1266 posts • joined 28 Aug 2009
"The regulatory rules also call for early termination charges to be limited and for charges to only apply if the supplier has met its commitments, which is arguably not the case when broadband speeds turn out to be less than promised or outages are frequent."
If the ISP haven't delivered what they said they would deliver then surely they were first to break the contact; which is then null and void. Less speed is probably unenforcable due to the "up to $speed/sec" weasel-wording; but frequent outages would certainly be cause to tell them to go fuck themselves.
Following the logic in this case; if they won you could give a good case for giving Russia to the citizens of Ukraine. That would be interesting to watch from a safe distance. From orbit, possibly.
Re: [no payment was supplied]’
@Andrew Orlowski - everything is most definitely not available for low cost. Take your Netflix example...the US catalogue is much more comprehensive than the UK one for example and when people are getting carved out by artificial scarcity they will simply find other sources. Not to mention that in order to access a certain catalogue you usually have to subscribe to a service; cough up personal details; and if the media you want isn't there then you have to subscribe to a different service etc.etc. And cash often isn't the only 'price' you will pay for these services...you also have to factor in who your information will be sold to and how much of your subsequent life you will have to waste watching adverts and deleting spam etc.
As regards pricing, we're still being charged 'physical copy' prices for digital media and that just isn't right.
@Turtle - I was using the current copyright laws as an example of why giving rights owners more law is a bad idea. The copyright laws are unbelievably one-sided and -as things stand- work very much to the detriment of society as a whole. Revising copyright terms to something within the realms of sanity wouldn't stop piracy, no, but while they are in place in the current form people will resist further laws on the subject. I also don't think that you are 100% correct when you state that people won't wait a single day. I could live with waiting -say- five years for most of the current offerings; but then I'm old and don't give many fucks.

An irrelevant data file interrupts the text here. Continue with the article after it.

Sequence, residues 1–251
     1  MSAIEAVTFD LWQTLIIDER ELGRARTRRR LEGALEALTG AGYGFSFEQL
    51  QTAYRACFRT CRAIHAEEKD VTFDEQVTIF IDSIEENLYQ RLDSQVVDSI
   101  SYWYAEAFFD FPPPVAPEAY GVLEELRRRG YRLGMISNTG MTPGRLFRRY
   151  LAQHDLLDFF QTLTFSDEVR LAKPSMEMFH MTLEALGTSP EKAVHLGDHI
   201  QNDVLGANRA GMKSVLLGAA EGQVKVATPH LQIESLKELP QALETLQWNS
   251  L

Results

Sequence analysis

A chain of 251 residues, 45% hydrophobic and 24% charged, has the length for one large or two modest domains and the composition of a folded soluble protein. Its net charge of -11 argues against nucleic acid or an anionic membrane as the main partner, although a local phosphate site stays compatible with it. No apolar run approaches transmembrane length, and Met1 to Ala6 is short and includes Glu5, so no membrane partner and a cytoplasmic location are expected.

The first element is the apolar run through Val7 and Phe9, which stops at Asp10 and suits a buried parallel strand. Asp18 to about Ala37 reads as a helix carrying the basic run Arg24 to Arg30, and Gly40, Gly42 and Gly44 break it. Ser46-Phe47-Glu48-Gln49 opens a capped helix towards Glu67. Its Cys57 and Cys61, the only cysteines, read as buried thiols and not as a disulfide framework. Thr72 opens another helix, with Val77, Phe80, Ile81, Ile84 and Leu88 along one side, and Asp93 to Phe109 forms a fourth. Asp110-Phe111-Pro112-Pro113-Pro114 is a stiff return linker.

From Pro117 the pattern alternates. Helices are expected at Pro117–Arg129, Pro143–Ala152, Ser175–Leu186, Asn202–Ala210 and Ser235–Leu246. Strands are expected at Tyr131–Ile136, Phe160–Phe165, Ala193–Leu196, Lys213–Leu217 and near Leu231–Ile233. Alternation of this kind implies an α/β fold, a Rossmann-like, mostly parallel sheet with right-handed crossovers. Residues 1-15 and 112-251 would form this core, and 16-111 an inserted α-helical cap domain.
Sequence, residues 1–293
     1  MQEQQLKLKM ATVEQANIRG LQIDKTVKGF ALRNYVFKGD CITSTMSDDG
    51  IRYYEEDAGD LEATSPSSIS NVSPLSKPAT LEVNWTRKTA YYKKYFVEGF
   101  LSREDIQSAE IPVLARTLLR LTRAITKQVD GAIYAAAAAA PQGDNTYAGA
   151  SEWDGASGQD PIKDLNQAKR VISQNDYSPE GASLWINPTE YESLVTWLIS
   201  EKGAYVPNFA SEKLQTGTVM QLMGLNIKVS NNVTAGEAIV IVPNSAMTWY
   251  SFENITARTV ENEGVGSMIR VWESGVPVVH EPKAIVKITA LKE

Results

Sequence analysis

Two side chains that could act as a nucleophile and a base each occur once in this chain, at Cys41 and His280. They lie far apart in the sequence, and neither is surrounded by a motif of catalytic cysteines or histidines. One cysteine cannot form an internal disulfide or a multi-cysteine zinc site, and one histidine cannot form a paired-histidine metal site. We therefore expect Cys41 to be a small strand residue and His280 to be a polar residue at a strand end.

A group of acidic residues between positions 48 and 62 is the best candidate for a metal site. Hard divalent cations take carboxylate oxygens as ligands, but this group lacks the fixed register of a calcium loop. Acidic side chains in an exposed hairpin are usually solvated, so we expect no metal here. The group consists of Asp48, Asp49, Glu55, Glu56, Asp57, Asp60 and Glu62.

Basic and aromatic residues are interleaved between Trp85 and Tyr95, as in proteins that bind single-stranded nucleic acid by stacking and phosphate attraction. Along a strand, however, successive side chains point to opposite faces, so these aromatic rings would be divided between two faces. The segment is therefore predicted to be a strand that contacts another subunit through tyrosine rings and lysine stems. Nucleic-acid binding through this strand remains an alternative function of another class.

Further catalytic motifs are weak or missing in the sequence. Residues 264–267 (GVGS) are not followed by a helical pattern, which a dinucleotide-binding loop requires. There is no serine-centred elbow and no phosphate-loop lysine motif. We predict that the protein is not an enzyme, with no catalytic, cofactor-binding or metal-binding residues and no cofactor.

The various rights holders have spent the last 20 years since the internet became popular essentially training us to become pirates. They've been treating their customers like The Adversary and now seem surprised that that's what we've become.
Piracy is hard to compete with, this is true, and at the current state I'm not even sure that pricing is a major factor. It's certainly not the only one...I don't have to cough up any personal info for a pirated film; there's no DRM; there's no adverts; and it'll work for the rest of my life.
People will pay a reasonable amount for legitimate media; but that media has to be available and relatively easy to get hold of.
The various rights industries have spent the last century at least screwing absolutely everyone and -now that the tables have turned somewhat- have discovered that they don't like being on the receiving end.
Now copyright infringement *is* a problem and quite possibly some new law to cover the advances in technology might be worth doing. But not while the copyright laws are so bleeding ridiculous. Fair enough let creators have a chance to make a few quid; but 70 years past the creator's death? Fucking stupid. So there is going to be considerable resistance if things stay as they are.
All rights holders need to do is make their products available everywhere, to everyone, at a reasonable price and much of their infringement problems will go away.
Oh. I see what you did there.
As far as I know, you're NOT allowed to make a copy of media in the UK. The Fair Use thing is a US law and doesn't apply in the UK, I believe. It's a civil matter; incredibly difficult to enforce and everybody does it anyway...but not legal.
So how exactly did these copyright holders get hold of £3.5M of taxpayer money then? Copying intellectual property (neither piracy nor theft, by the way) is a civil matter, and should be paid for by the injured party and maybe the defendant if the rights-holders win in court.
As ways of attempting to stuff the genie back in the bottle go, I suppose education isn't he worst thing that could happen; but it does seem pretty pointless. And expensive.
This is no way to run an alleged democracy. A bill that they would emphatically not get consent for, rushed through by dodgy means to create law to screw the populace over.
Re: @moiety: Try downloading the data sheet for a chip
Wow. That's the most unpopular thing I've ever said on this forum. All the downvotes in the world aren't going to convince me that re-using passwords is a good idea though.
@ J.G.Harston - Does your library access allow for using USB sticks? If yes, then something like this might do it for you:
Re: I Disagree
What is "an offline piece of software"? If it's on an on-line device, it's not really off-line in the security sense, even if it's not designed to access the web itself.
OK, a piece of software that doesn't itself access the internet then, even if the host machine is connected. I did say it wasn't perfect; but it's the best solution I can think of. 100% better than using the same easy password for multiple accounts anyway.
The researchers are idiots. Even a minimally important account can be used if pwned for -say- posting kiddieporn links or terrorist comms; and that account would be tied to at least your IP address. You'd have a real job in court trying to explain that it wasn't you.